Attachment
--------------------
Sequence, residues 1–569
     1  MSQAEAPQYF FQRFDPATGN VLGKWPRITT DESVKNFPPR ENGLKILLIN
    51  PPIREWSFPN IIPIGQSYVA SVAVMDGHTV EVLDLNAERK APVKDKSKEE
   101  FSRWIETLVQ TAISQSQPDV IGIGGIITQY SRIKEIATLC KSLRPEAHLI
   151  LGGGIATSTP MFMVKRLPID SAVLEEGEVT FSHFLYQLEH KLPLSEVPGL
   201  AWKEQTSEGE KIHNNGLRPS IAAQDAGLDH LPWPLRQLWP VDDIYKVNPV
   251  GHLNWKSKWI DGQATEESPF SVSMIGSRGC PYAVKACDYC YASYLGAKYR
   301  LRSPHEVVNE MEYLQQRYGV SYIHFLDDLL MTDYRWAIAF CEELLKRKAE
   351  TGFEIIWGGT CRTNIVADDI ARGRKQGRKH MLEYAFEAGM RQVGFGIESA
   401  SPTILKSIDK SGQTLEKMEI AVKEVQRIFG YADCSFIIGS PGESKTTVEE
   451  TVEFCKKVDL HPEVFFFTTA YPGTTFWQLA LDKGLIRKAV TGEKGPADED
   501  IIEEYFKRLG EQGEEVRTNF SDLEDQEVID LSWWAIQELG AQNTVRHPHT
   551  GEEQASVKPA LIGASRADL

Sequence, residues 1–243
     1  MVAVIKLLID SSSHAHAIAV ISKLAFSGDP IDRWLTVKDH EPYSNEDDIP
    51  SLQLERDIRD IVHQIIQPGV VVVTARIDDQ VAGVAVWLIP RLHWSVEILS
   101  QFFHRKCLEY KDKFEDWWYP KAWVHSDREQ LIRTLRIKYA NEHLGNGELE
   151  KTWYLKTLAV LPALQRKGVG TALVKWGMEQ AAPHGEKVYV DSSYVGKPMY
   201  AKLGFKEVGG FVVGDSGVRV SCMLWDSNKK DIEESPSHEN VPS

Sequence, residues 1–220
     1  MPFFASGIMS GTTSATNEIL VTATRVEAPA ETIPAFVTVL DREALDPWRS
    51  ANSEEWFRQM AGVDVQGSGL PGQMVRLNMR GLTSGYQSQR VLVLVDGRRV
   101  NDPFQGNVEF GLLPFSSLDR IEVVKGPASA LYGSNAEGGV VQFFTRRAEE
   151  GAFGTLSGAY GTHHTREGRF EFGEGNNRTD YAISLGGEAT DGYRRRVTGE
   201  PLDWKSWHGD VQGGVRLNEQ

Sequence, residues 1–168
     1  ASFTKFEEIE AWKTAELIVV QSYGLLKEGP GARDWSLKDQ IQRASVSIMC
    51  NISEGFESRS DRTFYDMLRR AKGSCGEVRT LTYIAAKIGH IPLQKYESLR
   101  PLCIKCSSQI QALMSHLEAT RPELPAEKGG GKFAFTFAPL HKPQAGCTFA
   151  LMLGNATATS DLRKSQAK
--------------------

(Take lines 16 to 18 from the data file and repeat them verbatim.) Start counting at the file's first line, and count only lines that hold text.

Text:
    51  SLQLERDIRD IVHQIIQPGV VVVTARIDDQ VAGVAVWLIP RLHWSVEILS
   101  QFFHRKCLEY KDKFEDWWYP KAWVHSDREQ LIRTLRIKYA NEHLGNGELE
   151  KTWYLKTLAV LPALQRKGVG TALVKWGMEQ AAPHGEKVYV DSSYVGKPMY